I wasn’t very hungry when the alarm sounded for dinner but I thought I better try to make it down to eat. This was an excruciating walk. I was used to pain by this point and could deal with it to a certain degree. Until now at least I had had some vice to help relieve it. And with nothing to take, if I sat down I might just be there for a while. Nevertheless, I made it to the dining hall. It seated about fifty people and was set up in a buffet style. I moved down the line with my orange tray and then continued to take a seat with a group of 8-10 men that I was assigned to previously.
In my adult life I had rejected any type of organized religion. That’s why what happened next was totally out of character. I clasped my hands together, closed my eyes and proceeded to pray. I didn’t even know who I was praying to. I was in pain and scared but yet somehow the prayer was thankful. I was thankful for being there. The prayer concluded and I ate my dinner. After I ate as I sat staring at my tray, trying to muster enough strength to stand up, and I was approached by two men. (If I were to pick two of the most intimidating characters in Olalla they would have fit the bill.) Their names were Joe and Luis. Luis said, “We noticed you were praying. Are you a Christian?”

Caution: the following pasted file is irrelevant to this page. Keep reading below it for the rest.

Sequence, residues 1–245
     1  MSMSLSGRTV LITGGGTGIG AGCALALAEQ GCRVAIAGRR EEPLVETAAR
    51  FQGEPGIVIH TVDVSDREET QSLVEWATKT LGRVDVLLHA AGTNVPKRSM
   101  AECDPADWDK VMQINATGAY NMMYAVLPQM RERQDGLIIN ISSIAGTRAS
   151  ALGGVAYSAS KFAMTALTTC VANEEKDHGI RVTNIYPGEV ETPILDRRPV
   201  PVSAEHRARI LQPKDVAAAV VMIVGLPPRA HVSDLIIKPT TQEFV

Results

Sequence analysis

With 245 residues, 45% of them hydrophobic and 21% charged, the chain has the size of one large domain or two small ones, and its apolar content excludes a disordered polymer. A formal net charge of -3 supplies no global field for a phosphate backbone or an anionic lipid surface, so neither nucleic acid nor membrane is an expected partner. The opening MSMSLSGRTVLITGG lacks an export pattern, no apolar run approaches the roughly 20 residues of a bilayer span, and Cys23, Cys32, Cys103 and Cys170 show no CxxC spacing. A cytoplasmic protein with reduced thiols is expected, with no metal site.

I replied simply, “No, I don’t know why I was praying.” Both men sat across the table from me and asked if I would like to pray with them. I was reluctant, but I said, “Sure.” I had a preconceived notion that prayer was a sign of weakness; that notion was clearly blown out of the water by the appearance of these two men. They grasped my hands in theirs then Joe informed me that we would be praying a prayer of salvation and to repeat after him. I repeated word after word, trying to focus on what he was saying. During the prayer I felt a warmth slowly travel down my body. At this point I wasn’t quite sure what had happened. And Joe started to speak to me about my relationship with my wife and how my wife and I were not equally yoked. And he went into some greater detail of what he was speaking about. He asked me if I understood. I replied, “Yes.” I asked Joe how he knew I was married since my wedding ring was not on my finger; it was residing in the pawn shop. At the time it didn’t occur to me to ask him how he knew my wife was a Christian. But I’m sure the answer would have been the same. He proceeded to tell me that he believed he was a prophet. And that I was the one that God had put him here to help. And it was no accident that we were here at the same time. All this really shook me to my foundation; it occupied my thoughts so fully that I had little memory of the following events of that evening. It still amazes me to this day that of all the problems that I had, he focused on the relationship I had with my wife.